Amid the ongoing large-scale conventional war in Ukraine, the government of Moldova is discussing the possibility of abandoning its neutral status and applying to join NATO, Moldovan President Maia Sandu said in an interview with Politico on Jan. 20.
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“Now, there is a serious discussion … about our capacity to defend ourselves, whether we can do it ourselves, or whether we should be part of a larger alliance,” Sandu said.
“And if we come, at some point, to the conclusion as a nation that we need to change neutrality, this should happen through a democratic process.”
Sandu stressed that Chisinau’s strengthening of its own defense, contrary to Russia's claims, is not a provocation against anyone, including against the unrecognized Transnistria – a region of Moldova which hosts a Russian military base.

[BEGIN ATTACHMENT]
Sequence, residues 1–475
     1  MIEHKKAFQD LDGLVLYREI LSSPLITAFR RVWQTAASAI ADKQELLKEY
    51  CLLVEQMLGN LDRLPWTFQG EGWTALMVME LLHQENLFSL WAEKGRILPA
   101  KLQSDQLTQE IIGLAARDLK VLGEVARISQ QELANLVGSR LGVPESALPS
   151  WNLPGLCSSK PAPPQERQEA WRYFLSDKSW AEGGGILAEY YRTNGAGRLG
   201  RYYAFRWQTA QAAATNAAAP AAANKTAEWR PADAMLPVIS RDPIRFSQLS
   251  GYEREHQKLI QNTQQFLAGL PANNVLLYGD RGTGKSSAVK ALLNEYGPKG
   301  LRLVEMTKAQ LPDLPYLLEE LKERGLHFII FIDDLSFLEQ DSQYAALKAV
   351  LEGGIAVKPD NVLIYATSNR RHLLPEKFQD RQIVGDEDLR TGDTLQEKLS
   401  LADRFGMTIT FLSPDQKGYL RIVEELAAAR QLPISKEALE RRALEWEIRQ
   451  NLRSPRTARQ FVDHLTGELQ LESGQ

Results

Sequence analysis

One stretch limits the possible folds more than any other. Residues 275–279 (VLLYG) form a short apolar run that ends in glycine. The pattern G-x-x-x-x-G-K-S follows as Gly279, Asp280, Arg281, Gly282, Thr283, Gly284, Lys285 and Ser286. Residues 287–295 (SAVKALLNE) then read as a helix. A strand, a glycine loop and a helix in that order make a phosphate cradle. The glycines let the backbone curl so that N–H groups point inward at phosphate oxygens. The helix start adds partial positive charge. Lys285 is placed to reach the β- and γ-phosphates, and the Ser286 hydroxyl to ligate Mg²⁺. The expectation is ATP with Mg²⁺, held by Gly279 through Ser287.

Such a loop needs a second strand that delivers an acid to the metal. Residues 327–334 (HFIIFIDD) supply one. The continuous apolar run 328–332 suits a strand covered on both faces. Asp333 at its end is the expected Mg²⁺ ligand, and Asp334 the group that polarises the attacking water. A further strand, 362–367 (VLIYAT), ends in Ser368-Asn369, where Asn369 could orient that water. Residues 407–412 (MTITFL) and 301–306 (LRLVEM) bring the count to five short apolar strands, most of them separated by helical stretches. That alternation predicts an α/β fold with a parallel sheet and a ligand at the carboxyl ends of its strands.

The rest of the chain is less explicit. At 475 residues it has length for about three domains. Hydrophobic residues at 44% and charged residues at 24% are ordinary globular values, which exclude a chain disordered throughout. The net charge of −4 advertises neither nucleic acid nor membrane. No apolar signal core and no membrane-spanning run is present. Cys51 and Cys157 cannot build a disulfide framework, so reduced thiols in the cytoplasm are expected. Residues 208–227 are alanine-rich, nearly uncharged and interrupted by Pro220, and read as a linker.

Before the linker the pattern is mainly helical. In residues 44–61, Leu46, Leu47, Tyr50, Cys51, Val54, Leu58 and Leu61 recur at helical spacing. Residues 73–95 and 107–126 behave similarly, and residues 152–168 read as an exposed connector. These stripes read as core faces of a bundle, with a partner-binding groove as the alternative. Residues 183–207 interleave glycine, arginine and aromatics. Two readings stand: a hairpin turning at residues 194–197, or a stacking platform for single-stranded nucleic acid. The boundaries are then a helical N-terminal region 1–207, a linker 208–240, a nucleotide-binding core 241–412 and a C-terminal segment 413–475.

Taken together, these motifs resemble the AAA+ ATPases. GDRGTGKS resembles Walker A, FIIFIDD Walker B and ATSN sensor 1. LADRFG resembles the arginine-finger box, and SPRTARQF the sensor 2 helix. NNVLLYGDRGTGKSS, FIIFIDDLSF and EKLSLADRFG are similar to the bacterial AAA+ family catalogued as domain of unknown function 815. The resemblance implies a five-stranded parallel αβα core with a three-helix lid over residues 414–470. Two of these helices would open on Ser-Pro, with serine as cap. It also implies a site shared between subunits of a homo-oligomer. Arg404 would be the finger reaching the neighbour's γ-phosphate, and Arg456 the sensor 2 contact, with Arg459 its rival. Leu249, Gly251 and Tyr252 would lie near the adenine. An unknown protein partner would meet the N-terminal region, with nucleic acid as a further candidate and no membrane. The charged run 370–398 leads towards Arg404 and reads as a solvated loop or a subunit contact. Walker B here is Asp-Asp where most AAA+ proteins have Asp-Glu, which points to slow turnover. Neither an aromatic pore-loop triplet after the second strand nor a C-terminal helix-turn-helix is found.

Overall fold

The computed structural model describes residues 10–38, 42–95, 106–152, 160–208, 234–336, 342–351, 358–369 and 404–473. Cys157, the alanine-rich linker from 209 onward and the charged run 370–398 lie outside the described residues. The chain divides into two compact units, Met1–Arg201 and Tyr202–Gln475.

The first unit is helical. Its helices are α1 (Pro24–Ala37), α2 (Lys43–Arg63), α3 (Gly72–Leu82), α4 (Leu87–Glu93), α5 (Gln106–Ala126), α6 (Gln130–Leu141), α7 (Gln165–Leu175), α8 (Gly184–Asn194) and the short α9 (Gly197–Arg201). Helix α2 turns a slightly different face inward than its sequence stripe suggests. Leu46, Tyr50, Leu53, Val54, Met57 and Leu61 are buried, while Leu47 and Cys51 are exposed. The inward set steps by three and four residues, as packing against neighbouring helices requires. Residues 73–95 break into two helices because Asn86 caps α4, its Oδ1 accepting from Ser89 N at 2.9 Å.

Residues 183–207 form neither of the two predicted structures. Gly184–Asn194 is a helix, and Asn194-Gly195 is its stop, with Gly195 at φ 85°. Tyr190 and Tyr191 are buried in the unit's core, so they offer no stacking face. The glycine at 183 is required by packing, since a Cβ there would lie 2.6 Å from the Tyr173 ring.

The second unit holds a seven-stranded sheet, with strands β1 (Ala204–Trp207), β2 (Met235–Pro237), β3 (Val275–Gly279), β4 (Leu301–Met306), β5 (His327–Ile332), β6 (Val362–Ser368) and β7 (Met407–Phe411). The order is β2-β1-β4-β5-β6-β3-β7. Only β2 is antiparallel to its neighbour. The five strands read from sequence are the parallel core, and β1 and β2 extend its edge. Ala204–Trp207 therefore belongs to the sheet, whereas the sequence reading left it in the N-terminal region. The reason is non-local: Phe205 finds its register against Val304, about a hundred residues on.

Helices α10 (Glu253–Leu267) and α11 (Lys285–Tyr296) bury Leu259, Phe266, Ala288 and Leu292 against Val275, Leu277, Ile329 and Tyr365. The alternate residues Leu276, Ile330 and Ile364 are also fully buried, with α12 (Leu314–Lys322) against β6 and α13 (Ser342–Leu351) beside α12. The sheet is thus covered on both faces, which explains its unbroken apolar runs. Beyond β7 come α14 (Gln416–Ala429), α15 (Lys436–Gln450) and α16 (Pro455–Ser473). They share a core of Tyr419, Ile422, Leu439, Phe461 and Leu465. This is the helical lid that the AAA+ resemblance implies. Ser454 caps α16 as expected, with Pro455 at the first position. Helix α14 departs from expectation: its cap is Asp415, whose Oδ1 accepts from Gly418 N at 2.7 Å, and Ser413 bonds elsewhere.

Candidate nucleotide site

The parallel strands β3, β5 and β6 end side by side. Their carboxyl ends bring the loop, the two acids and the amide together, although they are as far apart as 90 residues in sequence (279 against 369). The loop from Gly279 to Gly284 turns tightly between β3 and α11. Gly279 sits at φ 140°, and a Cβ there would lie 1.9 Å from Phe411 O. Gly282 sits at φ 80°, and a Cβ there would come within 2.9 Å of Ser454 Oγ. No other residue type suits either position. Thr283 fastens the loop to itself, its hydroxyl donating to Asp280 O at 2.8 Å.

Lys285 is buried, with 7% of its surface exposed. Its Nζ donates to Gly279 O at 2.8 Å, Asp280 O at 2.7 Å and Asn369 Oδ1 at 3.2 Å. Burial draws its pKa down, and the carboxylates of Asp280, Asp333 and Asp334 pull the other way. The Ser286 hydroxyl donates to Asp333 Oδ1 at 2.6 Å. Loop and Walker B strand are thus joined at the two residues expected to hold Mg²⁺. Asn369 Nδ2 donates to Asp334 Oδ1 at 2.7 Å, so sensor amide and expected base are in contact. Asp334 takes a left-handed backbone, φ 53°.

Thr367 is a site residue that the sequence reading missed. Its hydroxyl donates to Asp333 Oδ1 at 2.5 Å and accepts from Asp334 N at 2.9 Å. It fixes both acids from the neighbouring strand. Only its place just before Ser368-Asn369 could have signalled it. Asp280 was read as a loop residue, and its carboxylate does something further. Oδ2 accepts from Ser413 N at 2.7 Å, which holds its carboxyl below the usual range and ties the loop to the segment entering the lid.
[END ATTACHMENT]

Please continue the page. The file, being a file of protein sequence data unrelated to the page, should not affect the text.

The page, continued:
“Moldova is a peaceful country,” she said.
“It’s not Moldova that started a war against its neighbors. Russian propaganda managed to convince part of our population that neutrality means you don’t have to invest in your defense sector, that neutrality means you do nothing and you have no capacity to defend yourself, which is wrong.”
According to the president, Moldova remains vulnerable to Russian hybrid warfare because of propaganda and disinformation. She noted that thanks to the “courage and fortitude of the Ukrainians,” her country hasn’t faced military threats yet.
“We are facing a range of risks, but none of it compares to the situation in Ukraine, and to the price that Ukrainians are paying,” she concluded.
On Jan. 19, Sandu said that Moldova had officially asked the allies to start supplying air defense systems and was counting on their support, after debris of several Russian missiles fell in Moldovan territory during Moscow’s air strikes on Ukraine.